Sunday, December 06, 2015

SPECTRE vs. Spectre

Number One (Blofeld) and his Persian feline friend, From Russia with Love (1963) 
Before getting into the SPECTRE milieu, let me weigh in on the possibility of a black James Bond. Of course James Bond can be black -- simply tweak the backstory and bring us into the 21st century. Yes, Idris Elba, David Oyelowo or any number of other black actors could play Bond. As for Daniel Craig's run as 007, he's done a good job and seems close to Ian Fleming's conception of his character in the early novels. 

Regardless of who plays Bond, the earlier films to date are much more interesting to me. Why? Because of the writing, and the greater complexity of worldview. The first batches of James Bond films were more layered and enduring, like The Iliad. The latest, including the new Spectre (2015), are written much more like Scooby-Doo Where are You!  The main reason for this oversimplification in the newer ones, the great narrowing in number and variety and scope of characters, is undoubtedly financial: by make the SPECTRE organization a vague and fairly generic international crime syndicate that does not include real world animosities or historical backdrop, it can be sold anywhere from the USA to China and all over the globe without offense. As an investment strategy, this generic approach works -- Spectre is on track to rake in the equivalent of more than one billion dollars worldwide at the box office by the end of 2015. 
Claudine Auger -- Domino in Thunderball -- as Athena/Minerva (1960)*
As for The Iliad angle, one can imagine 007 (as played by Sean Connery, say, or George Lazenby), being plucked from lethal situations by the last-minute intervention of the goddess Athena, or encouraged to sleep with a beautiful enemy through the wiles of the goddess Aphrodite, or punished by one of the same goddesses for some arrogant slight on Bond's part (as in the loss of his wife in On Her Majesty's Secret Service). In the newer story lines, how does Bond escape sure death? Who knows? For there is no sense of wonder, or magic . . . just simple-minded writing. We are supposed to believe that Blofeld's entire animus toward Bond is due to his father's affection for the orphan boy Bond when they were kids. In the previous film, former 00 agent Raoul Silva (Javier Bardem) was supposed to carry an identical hatred toward Bond because of a Freudian conflict regarding their mutual surrogate mother and boss, M (Judi Dench). Pitiful. What works in a Sergio Leone film does not work in a Bond film.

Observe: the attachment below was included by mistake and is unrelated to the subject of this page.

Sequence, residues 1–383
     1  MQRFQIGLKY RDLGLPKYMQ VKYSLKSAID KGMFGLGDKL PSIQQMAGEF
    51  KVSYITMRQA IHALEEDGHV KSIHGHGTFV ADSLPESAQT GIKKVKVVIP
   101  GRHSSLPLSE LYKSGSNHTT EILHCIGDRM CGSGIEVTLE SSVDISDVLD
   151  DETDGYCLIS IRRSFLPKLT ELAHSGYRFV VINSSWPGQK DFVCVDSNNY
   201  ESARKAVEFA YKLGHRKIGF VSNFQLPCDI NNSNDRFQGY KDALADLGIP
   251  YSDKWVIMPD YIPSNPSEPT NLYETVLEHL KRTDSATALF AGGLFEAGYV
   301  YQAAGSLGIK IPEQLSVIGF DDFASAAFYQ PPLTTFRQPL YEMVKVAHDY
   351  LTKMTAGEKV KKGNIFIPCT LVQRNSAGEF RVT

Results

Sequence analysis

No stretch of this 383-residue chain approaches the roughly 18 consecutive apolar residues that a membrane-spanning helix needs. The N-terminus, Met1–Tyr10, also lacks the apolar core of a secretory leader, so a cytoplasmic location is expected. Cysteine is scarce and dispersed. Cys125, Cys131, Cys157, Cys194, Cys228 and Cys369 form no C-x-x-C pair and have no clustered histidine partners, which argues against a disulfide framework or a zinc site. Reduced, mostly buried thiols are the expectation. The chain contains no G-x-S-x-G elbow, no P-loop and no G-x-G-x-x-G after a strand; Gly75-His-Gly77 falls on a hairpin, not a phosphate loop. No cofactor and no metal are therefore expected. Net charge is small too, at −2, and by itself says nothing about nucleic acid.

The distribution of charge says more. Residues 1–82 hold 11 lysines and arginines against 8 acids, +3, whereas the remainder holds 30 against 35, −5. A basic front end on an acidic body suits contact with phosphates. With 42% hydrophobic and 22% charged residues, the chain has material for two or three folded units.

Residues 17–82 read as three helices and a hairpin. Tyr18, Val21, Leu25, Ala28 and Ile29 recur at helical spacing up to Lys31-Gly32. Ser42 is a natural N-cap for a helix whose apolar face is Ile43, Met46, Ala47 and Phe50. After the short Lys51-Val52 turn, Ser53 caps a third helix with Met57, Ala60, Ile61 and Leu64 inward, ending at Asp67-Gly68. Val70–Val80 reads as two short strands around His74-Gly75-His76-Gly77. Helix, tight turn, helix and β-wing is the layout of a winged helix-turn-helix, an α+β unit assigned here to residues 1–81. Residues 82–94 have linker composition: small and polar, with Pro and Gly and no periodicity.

In the earlier Bond films, there is a sense of a greater, interlocking world with numerous conflicts going on, any number of which may blow up at any time. SPECTRE (Special Executive for Counter-intelligence,Terrorism, Revenge and Extortion) exploits Cold War tensions and other historical animosities. One catches glimpses of old and new conflicts, ones involving Turks vs. Bulgarians, Greeks, Russians, Koreans, Germans, British, Americans, Chinese and various organized crime syndicates. It's a big world, complex, and nationalism is treated in a tongue in cheek way. James Bond notes as much when he quips to "Bond girls" he's sleeping with: "What I did this evening was for Queen and country" (Thunderball) and, "The things I do for England" (You Only Live Twice). Any number of seemingly patriotic nationalists are, in fact, mercenaries, willing to do anything for money, power or revenge. These are valuable lessons for living in the world. One must always be on guard as to actual intent.

Besides the international intrigue and possibility, there's technology and its impact. This is a constant theme throughout the entire series -- including the limits of technology. (I'll write more about this, the importance of theme music and the mystique of hotel rooms at some point).

In the earlier films, I like the way they typically culminate in special forces assaults on a villain's castle, or secret lair. Bond is merely the frontman for larger backup forces. Again, in the new Spectre, there's none of that -- just the little Scooby-Doo band of oddballs working in conjunction with 007. And man, where is Oddjob (Harold Sakata) when you need a truly memorable assassin to contend with?
As of this posting, the closest thing to the spirit and range of the earlier run of James Bond films may be CNN's Anthony Bourdain: Parts Unknown (2013-present). Bourdain is like a real James Bond for the here and now, a cultural explorer who carries himself with grit, humor, curiosity, and an intrepid nature. Rather than a license to kill, he has a license to travel, drink, sample various cuisines, and engage with people of different backgrounds and histories, all the while making a serious effort to understand both historical context and future possibilities. And so the circle is complete -- Bourdain, Anthony, vs. SPECTRE-like chaos. Can you dig?

*In Jean Cocteau's Le testament d'Orphée, ou ne me demandez pas pourquoi! (1960). 

Today's Rune: Wholeness.     


Barbara Bruederlin said...

One of the more thought-provoking Bond film reviews I have ever encountered. Now I must ponder the prospect of Anthony Bourdain as an early Bond incarnation. Interesting....

Charles Gramlich said...

I still have some of the original novels around here unread, although I've read quite a few. I should get back to reading them. The movies were always just eye candy to me anyway. I do like Craig pretty well.

Erik Donald France said...

Thanks, y'all ~ cheers ~ ~ !

jodi said...

Erik-I am not a fan of Bond movies, no matter who is 'Bond'! It's just the overall genre. The men in my life, however; love them!